"We are what we repeatedly do. Excellence, therefore, is not an act but a habit." – Aristotle. http://t.co/LxFCe5q
Looking forward to catching up with Aoife Mannix and other local poets while I’m out there, with thanks to @BCLatvia / @BCLiterature
Travelling to Latvia this afternoon to perform, teach and lecture on the relationship between my writing and London – http://t.co/md661kv
I’m heading to Latvia today to run poetry/performance workshops, feature at a local poetry festival, survey the local slam scene and deliver a lecture on the relationship between my city and my poetry. I get to spend the time with poet, performer and novelist Aoife Mannix, and I’ll be travelling with my brand new second-hand Bronica ETRSI. Looking forward to a few days out of the country…
"If you think about it, reading is a necessarily individual act, far more than writing. If we assume…" http://t.co/KWmoIeY
"If you think about it, reading is a necessarily individual act, far more than writing. If we assume…"
- from Italo Calvino’s If on a winter’s night a traveler. (via viafrank)
Photo: “I was wandering through the tiny village and speaking with people when I saw this woman. She… http://t.co/u5IoUZK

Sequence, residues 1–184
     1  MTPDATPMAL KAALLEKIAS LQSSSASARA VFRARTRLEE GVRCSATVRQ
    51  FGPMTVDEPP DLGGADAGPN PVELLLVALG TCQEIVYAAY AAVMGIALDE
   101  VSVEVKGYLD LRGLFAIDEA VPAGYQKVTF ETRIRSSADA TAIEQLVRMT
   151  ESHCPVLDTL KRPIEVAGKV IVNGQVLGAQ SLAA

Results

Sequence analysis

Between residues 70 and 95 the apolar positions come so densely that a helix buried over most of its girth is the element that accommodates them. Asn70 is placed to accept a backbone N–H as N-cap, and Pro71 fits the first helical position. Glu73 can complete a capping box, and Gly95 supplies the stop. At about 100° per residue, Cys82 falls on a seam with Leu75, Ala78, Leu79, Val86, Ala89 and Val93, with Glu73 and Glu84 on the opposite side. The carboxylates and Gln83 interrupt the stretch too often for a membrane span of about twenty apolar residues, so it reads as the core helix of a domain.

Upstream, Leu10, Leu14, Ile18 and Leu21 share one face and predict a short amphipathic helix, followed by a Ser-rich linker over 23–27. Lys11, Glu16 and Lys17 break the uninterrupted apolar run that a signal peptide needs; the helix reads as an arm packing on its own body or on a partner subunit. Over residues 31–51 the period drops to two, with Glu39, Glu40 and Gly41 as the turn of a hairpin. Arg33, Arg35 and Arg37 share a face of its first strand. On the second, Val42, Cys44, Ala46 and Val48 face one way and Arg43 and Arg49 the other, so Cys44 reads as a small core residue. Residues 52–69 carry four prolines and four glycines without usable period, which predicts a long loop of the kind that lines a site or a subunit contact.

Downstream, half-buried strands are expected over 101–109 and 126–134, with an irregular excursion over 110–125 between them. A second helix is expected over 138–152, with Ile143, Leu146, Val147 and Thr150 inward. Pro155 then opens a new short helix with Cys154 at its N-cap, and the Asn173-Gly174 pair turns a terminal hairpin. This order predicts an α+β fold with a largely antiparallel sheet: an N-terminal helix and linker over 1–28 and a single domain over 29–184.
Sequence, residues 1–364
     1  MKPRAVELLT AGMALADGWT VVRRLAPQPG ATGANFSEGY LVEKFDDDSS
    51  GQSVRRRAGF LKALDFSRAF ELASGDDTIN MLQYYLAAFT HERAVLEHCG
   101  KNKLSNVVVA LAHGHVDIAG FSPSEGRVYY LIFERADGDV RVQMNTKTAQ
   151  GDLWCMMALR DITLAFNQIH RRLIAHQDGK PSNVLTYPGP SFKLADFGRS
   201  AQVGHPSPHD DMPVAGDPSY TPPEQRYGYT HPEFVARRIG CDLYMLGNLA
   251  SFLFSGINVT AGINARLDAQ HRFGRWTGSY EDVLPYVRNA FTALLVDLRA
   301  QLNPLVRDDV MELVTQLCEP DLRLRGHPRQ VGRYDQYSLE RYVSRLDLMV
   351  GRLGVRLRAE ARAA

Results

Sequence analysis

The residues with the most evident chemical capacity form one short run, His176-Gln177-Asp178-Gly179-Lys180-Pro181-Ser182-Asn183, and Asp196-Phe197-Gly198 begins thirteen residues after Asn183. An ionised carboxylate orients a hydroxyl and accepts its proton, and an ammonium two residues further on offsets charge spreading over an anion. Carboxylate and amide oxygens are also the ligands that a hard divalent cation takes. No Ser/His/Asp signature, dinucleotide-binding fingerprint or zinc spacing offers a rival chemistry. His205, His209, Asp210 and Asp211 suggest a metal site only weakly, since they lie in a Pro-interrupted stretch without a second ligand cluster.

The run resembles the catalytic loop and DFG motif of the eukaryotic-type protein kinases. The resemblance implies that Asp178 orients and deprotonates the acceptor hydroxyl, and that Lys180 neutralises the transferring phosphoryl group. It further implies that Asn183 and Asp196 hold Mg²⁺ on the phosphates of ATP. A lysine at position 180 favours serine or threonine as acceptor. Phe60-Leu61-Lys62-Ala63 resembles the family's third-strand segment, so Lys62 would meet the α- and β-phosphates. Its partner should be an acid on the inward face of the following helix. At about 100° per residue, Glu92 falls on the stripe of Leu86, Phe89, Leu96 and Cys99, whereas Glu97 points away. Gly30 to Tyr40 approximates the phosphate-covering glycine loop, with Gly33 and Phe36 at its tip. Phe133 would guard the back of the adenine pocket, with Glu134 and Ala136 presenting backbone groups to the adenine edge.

Flipped Eye Thursdays start tomorrow with Max Wallis, Nina Bahadur, Adrienne Odasso and Jacqueline Saphra… Event: http://t.co/rEmaVgq
Proofing copy for projects. Looking forward to getting out of my inbox and sending out some poems for translation into Latvian. Yessir.
"But renowned Australian author David Malouf believes the semicolon still has a future in nuanced…" http://t.co/uow6Xbr
But renowned Australian author David Malouf believes the semicolon still has a future in nuanced imaginative prose.
“If you want longer sentences and still allow readers to find their way through, then the semicolon is very good,” he says.
“I tend to write longer sentences and use the semicolon so as not to have to break the longer sentences into shorter ones that would suggest things are not connected that I want people to see as connected.
“Short sentences make for fast reading; often you want slow reading.””
Feeling validated, and happy to read this. I tend to write longer sentences, particularly in poems, and contrary to most of the poets I know, I like to make full use of punctuation in addition to the structural tools of line-breaks, stanzas, shifted margins and any other manipulation of space and rhythm on the page that poets are afforded…
Save Our Semicolons!